It is difficult to differentiate between violence committed by State actors, violence supported by the State and violence committed by private security agents.
In all cases, the lack of state accountability and the failure to bring perpetrators of sexual and gender-based violence (GBV) to justice remains a critical challenge to ending this form of violence.
In the context of Nepal, various forms of GBV exist including domestic violence, family abuse (polygamy, child marriage, dowry-related violence, mental abuse), sexual violence (trafficking, forced sex, sexual harassment), and punishment for witchcraft.
The context of GBV is interlinked with the social, cultural, religious, and gender norms and with the political conﬂict in Nepal. Although the Interim Constitution of Nepal gives every citizen the right to practice his/her own cultural customs and rituals, the Nepali law prohibits some harmful customs and rituals.
Traditional practices also contribute to the exploitation of women, particularly sexual abuse and sex work. For example, within the Badi community (in mid-western Terai district), many women are forced into commercial sex work, with 30%–40% reportedly being girls below the age of 15 years.
The Deuki tradition involves families offering young girls to temples to act as dancers in ceremonies. These girls, however, often experience sexual exploitation and enter sex work to earn a living.
Similarly, the Jhuma are Sherpa, who traditionally send their second-born daughters to monasteries as an offering to ensure the wellbeing of the girls’ family. Dalit women (lowest social caste) face multiple discriminations, are often accused of Boxi (witchcraft), and are extremely vulnerable to sexual exploitation.
Trafficking of young women from Nepal to India for sexual exploitation is a particular problem. An estimated 200,000 Nepali women are sex trafficked to India, half under 16 years of age when trafficked and one quarter below 14 years of age. A decade of armed conﬂict in Nepal is also thought to have contributed to GBV against women and girls, in particular through rape, trafficking, sexual slavery, displacement, and economic hardship.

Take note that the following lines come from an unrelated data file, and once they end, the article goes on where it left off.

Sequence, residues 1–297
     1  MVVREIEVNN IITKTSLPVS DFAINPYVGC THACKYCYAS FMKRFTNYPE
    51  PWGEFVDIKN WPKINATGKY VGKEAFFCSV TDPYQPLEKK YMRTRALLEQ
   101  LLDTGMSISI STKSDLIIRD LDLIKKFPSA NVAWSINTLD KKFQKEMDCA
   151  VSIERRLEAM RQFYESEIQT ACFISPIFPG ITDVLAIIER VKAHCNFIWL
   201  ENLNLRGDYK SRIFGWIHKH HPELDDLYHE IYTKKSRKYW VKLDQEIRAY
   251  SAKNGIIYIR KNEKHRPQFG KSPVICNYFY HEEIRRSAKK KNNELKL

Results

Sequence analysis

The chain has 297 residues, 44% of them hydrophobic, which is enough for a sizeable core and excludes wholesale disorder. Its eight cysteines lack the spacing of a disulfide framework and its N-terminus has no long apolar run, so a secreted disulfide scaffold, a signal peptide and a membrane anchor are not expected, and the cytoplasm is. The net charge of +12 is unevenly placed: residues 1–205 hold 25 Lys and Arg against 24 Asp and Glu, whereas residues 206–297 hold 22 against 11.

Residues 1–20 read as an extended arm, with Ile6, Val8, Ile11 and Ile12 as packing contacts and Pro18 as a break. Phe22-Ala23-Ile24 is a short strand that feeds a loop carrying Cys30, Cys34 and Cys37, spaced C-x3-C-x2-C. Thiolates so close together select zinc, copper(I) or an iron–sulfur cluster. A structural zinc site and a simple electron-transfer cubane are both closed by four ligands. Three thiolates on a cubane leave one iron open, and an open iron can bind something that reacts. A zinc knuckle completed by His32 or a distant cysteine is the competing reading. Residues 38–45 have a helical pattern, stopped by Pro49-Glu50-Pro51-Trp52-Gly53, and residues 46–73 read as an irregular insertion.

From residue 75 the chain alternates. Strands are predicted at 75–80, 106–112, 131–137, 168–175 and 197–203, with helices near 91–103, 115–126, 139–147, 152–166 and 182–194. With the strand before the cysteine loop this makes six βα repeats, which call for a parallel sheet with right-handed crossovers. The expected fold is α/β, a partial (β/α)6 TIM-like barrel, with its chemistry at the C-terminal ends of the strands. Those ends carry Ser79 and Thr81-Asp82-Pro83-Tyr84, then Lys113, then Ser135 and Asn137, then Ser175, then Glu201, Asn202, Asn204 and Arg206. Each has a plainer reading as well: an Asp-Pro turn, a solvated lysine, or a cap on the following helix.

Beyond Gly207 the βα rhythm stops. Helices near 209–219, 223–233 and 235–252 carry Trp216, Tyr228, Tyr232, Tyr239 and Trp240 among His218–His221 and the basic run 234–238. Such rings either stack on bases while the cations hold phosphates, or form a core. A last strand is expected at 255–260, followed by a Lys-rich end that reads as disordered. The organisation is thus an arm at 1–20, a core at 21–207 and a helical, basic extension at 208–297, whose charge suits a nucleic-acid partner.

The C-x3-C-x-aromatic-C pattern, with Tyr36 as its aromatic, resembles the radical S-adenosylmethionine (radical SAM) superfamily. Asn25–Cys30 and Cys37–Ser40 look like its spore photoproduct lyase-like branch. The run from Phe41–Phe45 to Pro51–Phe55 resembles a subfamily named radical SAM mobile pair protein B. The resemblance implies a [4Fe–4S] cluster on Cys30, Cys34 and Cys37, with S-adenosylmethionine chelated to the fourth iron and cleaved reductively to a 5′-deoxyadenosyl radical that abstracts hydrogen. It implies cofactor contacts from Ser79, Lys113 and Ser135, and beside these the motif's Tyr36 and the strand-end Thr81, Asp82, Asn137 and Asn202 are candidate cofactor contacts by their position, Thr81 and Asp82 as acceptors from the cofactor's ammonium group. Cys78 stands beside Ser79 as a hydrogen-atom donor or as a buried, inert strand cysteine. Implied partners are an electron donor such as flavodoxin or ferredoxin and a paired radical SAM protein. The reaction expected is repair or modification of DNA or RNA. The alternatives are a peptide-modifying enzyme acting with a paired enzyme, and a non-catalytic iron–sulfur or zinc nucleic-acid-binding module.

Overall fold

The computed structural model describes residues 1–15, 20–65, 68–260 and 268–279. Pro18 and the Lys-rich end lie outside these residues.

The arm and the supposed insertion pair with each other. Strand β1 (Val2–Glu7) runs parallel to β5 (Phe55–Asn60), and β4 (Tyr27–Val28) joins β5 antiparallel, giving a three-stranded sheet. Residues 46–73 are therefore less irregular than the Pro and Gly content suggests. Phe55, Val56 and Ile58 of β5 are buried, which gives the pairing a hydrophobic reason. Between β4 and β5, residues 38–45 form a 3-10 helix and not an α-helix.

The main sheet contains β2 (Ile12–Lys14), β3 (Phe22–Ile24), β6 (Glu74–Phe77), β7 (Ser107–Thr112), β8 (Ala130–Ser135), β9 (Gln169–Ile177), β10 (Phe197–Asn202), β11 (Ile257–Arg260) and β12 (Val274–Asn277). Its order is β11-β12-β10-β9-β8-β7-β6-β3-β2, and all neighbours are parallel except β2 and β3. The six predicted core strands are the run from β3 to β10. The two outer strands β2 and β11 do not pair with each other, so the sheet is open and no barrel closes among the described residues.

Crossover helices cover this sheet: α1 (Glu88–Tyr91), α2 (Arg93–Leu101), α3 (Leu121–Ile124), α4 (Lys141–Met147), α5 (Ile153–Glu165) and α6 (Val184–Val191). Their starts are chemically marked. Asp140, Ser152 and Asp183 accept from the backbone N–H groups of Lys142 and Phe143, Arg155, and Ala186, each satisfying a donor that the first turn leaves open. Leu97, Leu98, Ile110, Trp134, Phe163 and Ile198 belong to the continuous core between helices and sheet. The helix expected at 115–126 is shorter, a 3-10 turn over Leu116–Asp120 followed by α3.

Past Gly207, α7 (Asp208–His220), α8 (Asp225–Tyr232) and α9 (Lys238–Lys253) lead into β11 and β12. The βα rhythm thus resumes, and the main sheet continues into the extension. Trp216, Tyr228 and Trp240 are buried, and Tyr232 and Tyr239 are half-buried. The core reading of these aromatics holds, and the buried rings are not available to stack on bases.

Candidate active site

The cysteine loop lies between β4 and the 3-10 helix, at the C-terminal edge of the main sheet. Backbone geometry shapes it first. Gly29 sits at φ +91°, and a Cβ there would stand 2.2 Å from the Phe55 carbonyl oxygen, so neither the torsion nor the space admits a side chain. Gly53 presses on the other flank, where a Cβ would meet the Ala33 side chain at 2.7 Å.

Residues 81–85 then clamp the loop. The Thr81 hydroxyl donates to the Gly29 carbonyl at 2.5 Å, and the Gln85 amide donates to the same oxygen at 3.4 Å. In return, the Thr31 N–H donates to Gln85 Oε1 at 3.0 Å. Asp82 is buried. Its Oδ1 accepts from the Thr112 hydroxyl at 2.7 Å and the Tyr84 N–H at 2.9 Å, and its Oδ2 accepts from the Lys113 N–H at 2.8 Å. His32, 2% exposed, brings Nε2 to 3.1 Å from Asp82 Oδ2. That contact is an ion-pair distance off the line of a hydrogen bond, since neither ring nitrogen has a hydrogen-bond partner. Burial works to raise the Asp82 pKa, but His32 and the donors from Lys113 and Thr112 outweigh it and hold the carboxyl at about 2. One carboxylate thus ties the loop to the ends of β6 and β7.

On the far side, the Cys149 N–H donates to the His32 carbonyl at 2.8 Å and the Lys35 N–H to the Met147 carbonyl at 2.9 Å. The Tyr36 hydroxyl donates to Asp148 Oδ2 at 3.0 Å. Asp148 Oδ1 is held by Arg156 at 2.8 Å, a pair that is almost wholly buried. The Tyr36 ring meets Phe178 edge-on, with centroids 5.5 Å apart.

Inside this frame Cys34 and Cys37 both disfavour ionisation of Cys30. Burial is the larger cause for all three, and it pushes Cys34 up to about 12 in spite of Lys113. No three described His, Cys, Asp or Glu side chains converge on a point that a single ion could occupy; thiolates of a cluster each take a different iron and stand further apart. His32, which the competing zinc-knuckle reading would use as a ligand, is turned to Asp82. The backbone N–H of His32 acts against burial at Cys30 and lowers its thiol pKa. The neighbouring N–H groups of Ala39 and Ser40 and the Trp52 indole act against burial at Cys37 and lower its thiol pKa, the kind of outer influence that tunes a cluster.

The abuse of women in armed conﬂict is rooted in a culture of discrimination that denies women equal status to men. Social, political, and religious norms identify women as the property of men, conﬂate women’s chastity with family honour, and legitimise violence against women. Women’s ﬁnancial dependence, subordinate social status, and a lack of legal support render them signiﬁcantly vulnerable to continued abuse.
The legal and policy environment in Nepal contains some laws that may both perpetrate stigma and preclude redress for violence and discrimination suﬀered by disabled women. For example, the National Code 1964 permits a second marriage if the spouse becomes blind or crippled. Although this provision is applied to both men and women, it is generally exercised more by men than women.
Under the 11th amendment of Naya Muluki Ain (Country Code), any perpetrator (or perpetrators in the case of gang rape) of sexual violence against pregnant, disabled, or handicapped women will have an additional ﬁve years added to their sentence. However, these protective laws are often not put into practice, usually because of under-reporting of the issue by the women themselves.
Although not clearly stated in the law, sex work is illegal in Nepal. The interim constitution of Nepal guarantees that every citizen has the right to practice any profession. This could lead to the interpretation that selling sex voluntarily is not a crime.
However, the law has provision to punish those who forcefully engage women in prostitution under the Traﬃcking in Human Beings (Control) Act, 1986. Similarly, the National Plan of Action against Traﬃcking, 1999, is silent with regard to the legality of prostitution.
By Nirmala Sitoula, WILPF International Board member and 16 Days Campaign Co-ordinator